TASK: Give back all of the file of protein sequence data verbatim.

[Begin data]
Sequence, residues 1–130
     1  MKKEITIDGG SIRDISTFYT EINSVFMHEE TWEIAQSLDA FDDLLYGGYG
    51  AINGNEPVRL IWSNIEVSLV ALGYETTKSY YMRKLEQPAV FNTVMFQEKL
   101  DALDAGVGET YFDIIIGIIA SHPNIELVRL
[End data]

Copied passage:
Sequence, residues 1–130
     1  MKKEITIDGG SIRDISTFYT EINSVFMHEE TWEIAQSLDA FDDLLYGGYG
    51  AINGNEPVRL IWSNIEVSLV ALGYETTKSY YMRKLEQPAV FNTVMFQEKL
   101  DALDAGVGET YFDIIIGIIA SHPNIELVRL